“To spare you the worry, I imagine. He was struggling to get the money back so he wouldn’t shame you.”

Her mother shook her head. As Isabella held her close, she thought of things Mac had told her that she could never explain to her mother. It seemed that Lord Scranton had gone into considerable debt to give Isabella her coming-out ball, determined that it be the largest and most elegant of the Season. He’d pinned his hopes on pairing Isabella with one of three young men of fortune to whose families Lord Scranton owed a great deal of money. A marriage with one of them would not only wipe out that debt but let Lord Scranton climb out of the slough he’d gotten himself get into. Isabella had destroyed his hopes when she’d slipped away with Mac to marry him. The fathers of the other three gentlemen had been very angry and demanded that Lord Scranton repay them immediately.

Why did he not tell me? Isabella had asked Mac in indignation. If I’d known I needed to marry to help him, I might not have let my head be turned by the first handsome gentleman who danced with me.

Your father is proud and wanted to orchestrate all without anyone guessing. You were supposed to be dutiful without incentive. I’m afraid, love, that your father had no idea that you had any thoughts in your head at all.

But why did he object when I married you? You and Hart could have dug him out of debt and sent him and Mama off on a long holiday.

Mac had smiled. And be beholden to Hart Mackenzie, the Scottish duke, the rest of his life? Never.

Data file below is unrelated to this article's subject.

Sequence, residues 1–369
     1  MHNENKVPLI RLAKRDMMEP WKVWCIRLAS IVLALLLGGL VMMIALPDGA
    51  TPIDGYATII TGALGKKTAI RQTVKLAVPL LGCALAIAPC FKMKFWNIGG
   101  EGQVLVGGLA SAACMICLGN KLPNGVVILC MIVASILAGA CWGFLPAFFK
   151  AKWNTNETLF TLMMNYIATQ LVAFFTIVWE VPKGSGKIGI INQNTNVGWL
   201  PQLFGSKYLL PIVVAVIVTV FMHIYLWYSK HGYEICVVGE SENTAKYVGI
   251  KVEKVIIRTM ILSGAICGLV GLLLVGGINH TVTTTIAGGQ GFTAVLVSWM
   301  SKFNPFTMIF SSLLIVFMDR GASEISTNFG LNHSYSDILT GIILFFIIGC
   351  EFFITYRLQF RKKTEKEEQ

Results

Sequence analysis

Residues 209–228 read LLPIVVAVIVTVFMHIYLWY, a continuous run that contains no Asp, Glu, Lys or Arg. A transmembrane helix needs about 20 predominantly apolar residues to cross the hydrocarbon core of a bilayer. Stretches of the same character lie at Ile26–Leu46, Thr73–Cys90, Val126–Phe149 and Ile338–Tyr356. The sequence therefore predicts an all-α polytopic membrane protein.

Bloody fool, Isabella had muttered. This was before Bellamy had woken Mac in the wee hours and handed him the message from Inspector Fellows, who’d gone to investigate when he’d heard of the sudden death of Isabella’s father. A natural death, Fellows had said. A sad one.

“I’m here now, Mama,” Isabella said. “I won’t leave you alone again.”

Lady Scranton leaned into Isabella as another flood of tears escaped her.

Isabella stayed with her mother until Lady Scranton declared she needed to lie down. Isabella helped her upstairs, delivering her to her redoubtable lady’s maid. The maid whispered her gratitude to Isabella—Lady Scranton hadn’t shut an eye since the earl’s death, no matter how much the servants had tried to get her to sleep.

Isabella left Lady Scranton in her maid’s capable hands and went down the painfully familiar hall to Louisa’s room and tapped on the door. To a tired, “Yes, what is it?” Isabella entered.

Louisa rose from the chaise on which she’d been reclining and dropped the quilt that had covered her to it.